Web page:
Kate Kotlyar staff writer
BTOB is a nationwide 501(c)(3) non profit organization with 43 chapters located in 17 different states across the United States, including the Beverly Hills chapter. Immaculate Heart High School junior Sabrina Camua founded the BH chapter over the summer. BTOB aims to make and to deliver personal protective equipment (PPE) to communities and local businesses.
Camua discovered the organization through a summer program and was “interested” in joining.
“I was already making masks and stuff. I wanted to help the community because COVID-19, at the time when I started [the Beverly Hills chapter], was really bad and I felt like this was a good way to [help]. It’s peaking again so we’re gonna have to continue to do our work. I’m just glad that we can help those who need the personal protective equipment [and] don’t have it,” Camua said.
Volunteer and BHHS junior Lauren Min joined BTOB because she wanted to help “make people’s lives just a little bit easier.”
“We’re just wanting to help people out. Honestly, how can you not want to help out, especially when you see all this news coverage about people who are suffering through this pandemic? I feel like people should join because they want to see a change, or make people’s lives easier. This pandemic is happening and it’s so real,” Min said.
Volunteers such as BTOB Communications Officer and Beverly junior Chloe Levine, volunteer and Beverly sophomore Margaret Huynh, Min and Camua, all feel “proud,” “happy,” and “good” about the work they do for BTOB.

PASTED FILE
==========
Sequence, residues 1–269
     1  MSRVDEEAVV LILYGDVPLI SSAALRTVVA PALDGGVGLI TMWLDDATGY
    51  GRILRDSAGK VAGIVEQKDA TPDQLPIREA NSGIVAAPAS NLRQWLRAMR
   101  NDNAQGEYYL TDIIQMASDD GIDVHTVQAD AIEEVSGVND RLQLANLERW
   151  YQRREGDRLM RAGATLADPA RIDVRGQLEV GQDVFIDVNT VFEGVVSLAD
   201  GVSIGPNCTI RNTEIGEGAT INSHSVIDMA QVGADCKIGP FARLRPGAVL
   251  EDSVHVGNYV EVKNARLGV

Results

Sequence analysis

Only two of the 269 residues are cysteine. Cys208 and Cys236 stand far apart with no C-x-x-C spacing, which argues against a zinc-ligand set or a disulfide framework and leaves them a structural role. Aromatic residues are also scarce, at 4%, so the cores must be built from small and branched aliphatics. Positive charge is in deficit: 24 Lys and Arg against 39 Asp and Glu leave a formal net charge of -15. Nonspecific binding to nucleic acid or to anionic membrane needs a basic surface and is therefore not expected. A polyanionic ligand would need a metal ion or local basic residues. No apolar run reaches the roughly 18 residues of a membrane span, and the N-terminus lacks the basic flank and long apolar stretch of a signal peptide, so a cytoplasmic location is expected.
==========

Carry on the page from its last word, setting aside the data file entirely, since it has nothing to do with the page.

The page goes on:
“[Working for BTOB] makes me feel proud because this is a really hard time for a lot of people and for the whole country. [With] every mask that I make, I know I’m helping somebody—that’s going to be in somebody’s hands and it makes me feel happy and proud,” Levine said.
Unlike her fellow volunteers, BTOB Financial Officer and Beverly junior Tina Yang feels “pressured.”
“It makes me feel a bit pressured to make sure that everything goes well [and] making sure that we’re doing good work instead of possibly not getting much done. But at the same time, it’s rewarding to know that I have some effect on what can happen [and] that we might be able to benefit someone’s life, even if it’s just a little bit. So, of course there’s a bit of pressure to make sure that we’re doing well, but if we are doing well, that’s great,” Yang said.
BTOB Marketing Officer and Beverly junior Jennifer Li believes that BTOB is “making a difference.”
Volunteer and Beverly junior Chris Zomber agrees with Li because all the volunteers are “working towards a common goal,” which gives him a “sense of community.”
“I know that there are other kids who are in my class who joined. I definitely see a lot of other [students] being pretty dedicated as well. There are people who are spending a lot of time and who really care about the movement, which I think is really good for everybody,” he said. “The more people who actually start helping and [doing] hands-on activity… is what we need because that will help end this whole virus. The fastest way is if everybody gets off their butt[s].”
To join the Beverly Hills chapter of Break the Outbreak, click here.
To donate to Break the Outbreak, click here.